Most of times, these are impossible images, since the monuments represented are not located topographically in that way, and sculptures are not even there, either. A sort of collage of real images of Ancient Rome, but they are not actually in that situation. The picture portrays the Coliseum, Trajan’s column, the Arch of Septimius Severus, the sculptures of Gaul injured and the Borghese Gladiator. These kind of imaginary views were typical of Giovanni Paolo Panini and very popular amongst travelers coming from France or Great Britain. They were not real topographically, but they gathered in just one image the best of ancient Rome. The title of the following is Roman Caprice with the Coliseum and other monuments, painted in 1735 and measuring 133 by 98 cm.

Another image of this kind is the following,

It shows the best monuments of Ancient Rome, together in the same image. From left to right we find Hadrian’s temple, the Pantheon, the Sybils temple in Tivoli, the Maison Carrée from Nimes, and the Theatre of Marcellus; amongst them, the statue of Marcus Aurelius of Campidoglio and Thutmosis III Obelisk of.  The image is also dated 1735 and measures 136 by 99 cm.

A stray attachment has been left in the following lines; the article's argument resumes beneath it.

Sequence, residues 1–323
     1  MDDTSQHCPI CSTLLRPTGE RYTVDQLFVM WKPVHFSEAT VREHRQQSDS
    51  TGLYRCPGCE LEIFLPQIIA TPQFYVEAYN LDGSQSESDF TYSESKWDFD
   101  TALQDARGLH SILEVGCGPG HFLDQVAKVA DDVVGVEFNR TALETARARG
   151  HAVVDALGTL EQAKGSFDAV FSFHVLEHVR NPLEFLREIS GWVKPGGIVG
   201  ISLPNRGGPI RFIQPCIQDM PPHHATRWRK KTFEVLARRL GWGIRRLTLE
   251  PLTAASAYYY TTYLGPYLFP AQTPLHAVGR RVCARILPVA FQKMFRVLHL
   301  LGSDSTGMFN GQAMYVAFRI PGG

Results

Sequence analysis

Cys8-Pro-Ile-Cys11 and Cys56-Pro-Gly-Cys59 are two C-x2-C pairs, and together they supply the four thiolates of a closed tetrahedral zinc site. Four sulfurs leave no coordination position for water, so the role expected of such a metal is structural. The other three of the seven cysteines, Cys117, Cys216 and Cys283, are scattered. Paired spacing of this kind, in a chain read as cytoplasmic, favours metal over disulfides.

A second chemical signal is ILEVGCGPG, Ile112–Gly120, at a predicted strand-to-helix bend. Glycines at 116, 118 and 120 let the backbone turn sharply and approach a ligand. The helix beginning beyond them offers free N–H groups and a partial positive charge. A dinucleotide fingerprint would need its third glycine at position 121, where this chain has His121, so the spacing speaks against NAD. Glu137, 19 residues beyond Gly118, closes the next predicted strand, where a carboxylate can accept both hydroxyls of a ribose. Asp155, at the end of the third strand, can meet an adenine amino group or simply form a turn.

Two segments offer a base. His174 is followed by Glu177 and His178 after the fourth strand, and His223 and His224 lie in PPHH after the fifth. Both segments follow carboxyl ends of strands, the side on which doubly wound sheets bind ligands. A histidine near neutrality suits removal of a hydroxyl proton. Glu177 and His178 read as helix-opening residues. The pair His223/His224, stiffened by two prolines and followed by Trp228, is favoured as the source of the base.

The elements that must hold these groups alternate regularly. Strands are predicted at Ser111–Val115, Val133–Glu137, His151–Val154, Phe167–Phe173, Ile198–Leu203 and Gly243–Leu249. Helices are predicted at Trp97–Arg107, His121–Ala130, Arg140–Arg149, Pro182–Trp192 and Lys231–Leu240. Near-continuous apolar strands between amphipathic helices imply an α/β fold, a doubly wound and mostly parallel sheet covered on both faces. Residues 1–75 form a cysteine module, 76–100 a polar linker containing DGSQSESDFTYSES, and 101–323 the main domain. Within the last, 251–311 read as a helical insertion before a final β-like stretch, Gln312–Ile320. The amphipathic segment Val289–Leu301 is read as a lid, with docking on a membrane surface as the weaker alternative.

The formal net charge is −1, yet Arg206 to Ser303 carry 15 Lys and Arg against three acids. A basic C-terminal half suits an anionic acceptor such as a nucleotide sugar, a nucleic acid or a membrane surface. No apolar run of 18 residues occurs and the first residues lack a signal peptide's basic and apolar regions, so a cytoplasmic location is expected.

Panini represents buildings very accurately, without the additions they had at the time: the Pantheon appears without towers on the sides, though they were actually there, and the Theatre of Marcellus without the brick arches. They are shown how they would look like after restoration. This sort of images is known as caprices, an invention of the 18th century mostly used by Pannini and Piranesi. They are composed with scenographic criteria, and often with lightning effects enhancing their theatrical features. They transfer the fascination travelers from the Grand Tour experienced when they found themselves surrounded by great monuments. This is what led them to make that trip, images that perfectly synthesized their idea of Rome. These images were well accepted (the two previous ones actually purchased by the Duke of Norfolk). Travelers would buy these views and, with them, the image of the city, what Rome meant to them, a subjective portrait of the city, but, nonetheless, less important.